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Painting with Industrial Enamel

Posted By ScottM Sunday, August 21, 2011 6:56 AM
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David M. Holt
 Posted Wednesday, August 24, 2011 2:30 PM
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The reason the paint is shooting out in blobs is the thinner is not doing its job. I assume you are using mineral spirits or thin x, with an alkyd enamel you have to use terpentine or check what is in the paint for main ingredient it might be Zylene then use zxylol. Use can get it any house paint store. It will thin down perfect for spraying. You're first  coat will have to be thin so it won't run. let solvent flash out between coats and it will keep the high shine.
ScottM
 Posted Wednesday, August 24, 2011 10:21 AM
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So I popped into the paint supplier that sold me the paint today and asked a few questions.  I am using Devoe Devguard 4308 Industrial Enamel - it is an alkylid, single stage paint.  I was told that I do not need a hardener, although I could add one, from his experiences the hardener doesn't make much of a difference.  Total curing time is somewhere around 7-10 days, depending on temperature, humidity and the alignment of the moon and sun.  When it comes to thinning this stuff, you aren't supposed to thin it, but it can be thinned up to 25%. The paint tech mentioned that my biggest problem is my gun, which is a siphon feed canister.  After a brief explanation of how the gun works, I was told that if 'blobs' are shot out of the gun even after thinning, I am not getting proper atomization.  The real reason for this is the number of air ports on the wings of the gun, my gun has one on either wing, but I might need two or possibly three ports on each to allow enough air to flow into the paint stream while maintaining a low air pressure through the gun.  Sounds simple, thin it, if all else fails buy a new nozzle for the gun...

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beemergary
 Posted Sunday, August 21, 2011 3:16 PM
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I ve always had better luck using more reducer that is said too. If the enamel has metallics in it I won't use it when I plan on wet sanding and wheeling out for a show finish. The metallics get messed up and burnt. Just Me Talkin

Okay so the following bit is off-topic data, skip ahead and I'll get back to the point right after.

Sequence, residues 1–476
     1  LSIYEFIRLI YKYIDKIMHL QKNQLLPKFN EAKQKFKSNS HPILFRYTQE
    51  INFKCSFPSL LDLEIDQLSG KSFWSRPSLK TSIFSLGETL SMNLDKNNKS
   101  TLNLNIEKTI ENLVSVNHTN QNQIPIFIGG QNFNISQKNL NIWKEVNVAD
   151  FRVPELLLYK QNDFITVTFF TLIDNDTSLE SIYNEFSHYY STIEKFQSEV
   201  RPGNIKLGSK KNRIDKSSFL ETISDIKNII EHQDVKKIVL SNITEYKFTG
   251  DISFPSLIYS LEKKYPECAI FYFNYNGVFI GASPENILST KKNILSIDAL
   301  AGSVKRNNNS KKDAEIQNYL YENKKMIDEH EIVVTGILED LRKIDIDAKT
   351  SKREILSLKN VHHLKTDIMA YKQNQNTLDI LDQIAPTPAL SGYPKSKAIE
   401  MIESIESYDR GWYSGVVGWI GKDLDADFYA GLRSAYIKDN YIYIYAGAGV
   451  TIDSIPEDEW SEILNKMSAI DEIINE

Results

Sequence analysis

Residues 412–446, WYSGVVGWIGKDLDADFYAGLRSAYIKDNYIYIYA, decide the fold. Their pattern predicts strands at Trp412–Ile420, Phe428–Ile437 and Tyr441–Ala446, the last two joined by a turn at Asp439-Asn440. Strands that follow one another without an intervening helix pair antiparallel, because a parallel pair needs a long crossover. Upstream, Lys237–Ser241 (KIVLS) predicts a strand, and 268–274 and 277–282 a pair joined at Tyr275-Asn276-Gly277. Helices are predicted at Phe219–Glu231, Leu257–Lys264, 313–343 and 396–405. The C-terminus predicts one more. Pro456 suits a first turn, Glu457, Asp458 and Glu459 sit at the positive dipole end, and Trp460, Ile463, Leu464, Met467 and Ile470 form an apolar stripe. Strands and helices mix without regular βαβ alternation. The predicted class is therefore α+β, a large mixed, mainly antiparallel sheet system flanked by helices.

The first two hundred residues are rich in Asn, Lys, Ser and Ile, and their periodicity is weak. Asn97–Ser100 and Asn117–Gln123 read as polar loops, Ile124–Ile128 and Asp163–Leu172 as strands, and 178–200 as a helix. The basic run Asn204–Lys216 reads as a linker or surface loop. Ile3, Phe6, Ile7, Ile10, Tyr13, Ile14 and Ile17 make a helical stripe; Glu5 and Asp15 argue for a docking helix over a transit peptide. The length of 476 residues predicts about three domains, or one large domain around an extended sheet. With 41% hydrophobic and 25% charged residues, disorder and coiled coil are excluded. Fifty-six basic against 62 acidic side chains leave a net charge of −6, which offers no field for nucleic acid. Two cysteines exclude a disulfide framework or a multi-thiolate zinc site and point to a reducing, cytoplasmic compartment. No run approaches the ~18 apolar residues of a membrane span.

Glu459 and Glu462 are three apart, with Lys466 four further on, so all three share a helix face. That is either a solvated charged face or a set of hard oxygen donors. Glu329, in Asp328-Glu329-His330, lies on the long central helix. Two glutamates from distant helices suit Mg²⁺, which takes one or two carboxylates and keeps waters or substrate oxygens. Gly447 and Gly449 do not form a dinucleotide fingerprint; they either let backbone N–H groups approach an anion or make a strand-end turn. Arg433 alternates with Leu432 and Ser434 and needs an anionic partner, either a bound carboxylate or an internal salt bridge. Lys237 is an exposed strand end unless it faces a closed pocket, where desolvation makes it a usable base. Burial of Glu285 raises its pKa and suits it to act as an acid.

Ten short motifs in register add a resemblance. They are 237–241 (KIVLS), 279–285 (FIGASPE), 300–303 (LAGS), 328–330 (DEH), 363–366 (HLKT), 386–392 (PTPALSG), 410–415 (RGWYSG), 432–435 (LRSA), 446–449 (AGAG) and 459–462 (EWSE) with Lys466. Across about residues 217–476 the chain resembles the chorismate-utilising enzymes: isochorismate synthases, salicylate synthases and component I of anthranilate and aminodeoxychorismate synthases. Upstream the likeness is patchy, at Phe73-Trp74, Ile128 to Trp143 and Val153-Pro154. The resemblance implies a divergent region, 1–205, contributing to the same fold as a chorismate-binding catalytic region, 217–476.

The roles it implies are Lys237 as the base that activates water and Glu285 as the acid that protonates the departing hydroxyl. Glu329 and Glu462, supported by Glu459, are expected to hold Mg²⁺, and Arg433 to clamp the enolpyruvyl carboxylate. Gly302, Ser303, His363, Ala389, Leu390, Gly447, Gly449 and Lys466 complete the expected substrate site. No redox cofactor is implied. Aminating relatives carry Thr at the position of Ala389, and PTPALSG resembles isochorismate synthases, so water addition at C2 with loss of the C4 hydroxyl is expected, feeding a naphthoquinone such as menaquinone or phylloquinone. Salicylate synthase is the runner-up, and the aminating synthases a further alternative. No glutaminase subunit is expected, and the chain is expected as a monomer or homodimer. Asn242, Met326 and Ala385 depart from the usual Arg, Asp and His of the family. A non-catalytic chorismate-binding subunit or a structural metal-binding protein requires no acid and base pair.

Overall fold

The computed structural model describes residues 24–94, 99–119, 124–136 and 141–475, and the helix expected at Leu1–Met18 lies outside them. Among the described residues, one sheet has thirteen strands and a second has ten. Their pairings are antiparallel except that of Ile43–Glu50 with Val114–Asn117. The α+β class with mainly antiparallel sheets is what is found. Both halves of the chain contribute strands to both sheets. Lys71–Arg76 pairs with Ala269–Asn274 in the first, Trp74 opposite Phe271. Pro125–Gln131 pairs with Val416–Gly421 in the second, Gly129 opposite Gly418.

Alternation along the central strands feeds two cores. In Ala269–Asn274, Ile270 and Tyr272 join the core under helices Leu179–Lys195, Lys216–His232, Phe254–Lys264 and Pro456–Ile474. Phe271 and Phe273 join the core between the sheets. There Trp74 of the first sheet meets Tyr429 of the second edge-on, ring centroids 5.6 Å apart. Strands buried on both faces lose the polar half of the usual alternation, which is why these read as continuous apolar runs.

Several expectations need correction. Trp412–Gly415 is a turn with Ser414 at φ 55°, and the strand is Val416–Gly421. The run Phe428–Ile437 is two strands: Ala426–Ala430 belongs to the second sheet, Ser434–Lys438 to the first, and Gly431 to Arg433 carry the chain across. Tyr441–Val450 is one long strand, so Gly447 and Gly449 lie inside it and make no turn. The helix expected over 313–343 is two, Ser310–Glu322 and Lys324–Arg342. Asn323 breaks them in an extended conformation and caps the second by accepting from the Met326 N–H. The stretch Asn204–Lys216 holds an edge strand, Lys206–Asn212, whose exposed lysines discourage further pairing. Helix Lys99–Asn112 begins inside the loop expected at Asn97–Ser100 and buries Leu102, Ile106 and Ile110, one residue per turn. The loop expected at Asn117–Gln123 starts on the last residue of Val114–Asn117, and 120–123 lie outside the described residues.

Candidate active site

David M. Holt
 Posted Sunday, August 21, 2011 2:49 PM
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You should mix it 10% thinner 90% paint just stay back 10 to 12 inches to let the solvent disperse into the air not on the piece you're painting. Let flash between coats 10 to 15 minutes and it shouldn't look hazy when its dry.
ScottM
 Posted Sunday, August 21, 2011 11:37 AM
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Just came in from spraying a small part or two - can said no thinning required, so I dumped it in and shot some paint.  It worked OK, but there is a lot of orange peel, not a big deal, just means some sanding to smooth it out before I re-coat.  I guess I need to thin the paint a bit...

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resto_1
 Posted Sunday, August 21, 2011 8:26 AM
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I have used Rustolem oil based enamel on restorred garden tractors garden several tractors. (but not on the truck yet) Mixed it 6 parts paint, 2 parts medium enamel reducer, and 1/2 part hardener.  Good high gloss durable finish.  Shot it with a small gravity gun, about 10-15 psi at the tip, about 65 degrees temerature.  Had good luck with it holding up so far, but I only stated using that 3 years ago.  It's a whole lot cheaper then automotive finishes.  I would recommend shooting something as a test piece first to see how you like it before painting something as important as the dash.  I haven't used fish-eye preventer, but haven't had a problem either.
dieselsmoke
 Posted Sunday, August 21, 2011 7:28 AM
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What kind of paint are you spraying? It should have a mixing ratio on the can somewhere. Try just a  splash of reducer/thinner and see how it sprays, add accordingly. The more thinner added the LESS gloss you will have when it drys. If you want more gloss add a hardener. They make a universal enamel hardner but I can't remember the name. Hope this helps.

Fred Kuhn, St.albans, VT.
1974 Peterbilt 359 Detroit 12v71n @475 13spd

1972 Ford F250 4x2 390 4spd

1994 Ford F350 4x4 IH 7.3 Turbo 5spd
Sunday, August 21, 2011 7:29 AM by dieselsmoke
ScottM
 Posted Sunday, August 21, 2011 6:56 AM
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So I have a gravity feed spray gun and am ready to lay some paint on the dash of my truck.  I am wondering, do I need to thin industrial enamel to spray it?  I have heard that the amount of thinner used increases the glossiness of the spray job - which isn't a big deal, just means that I need to ensure my mix is consistent...

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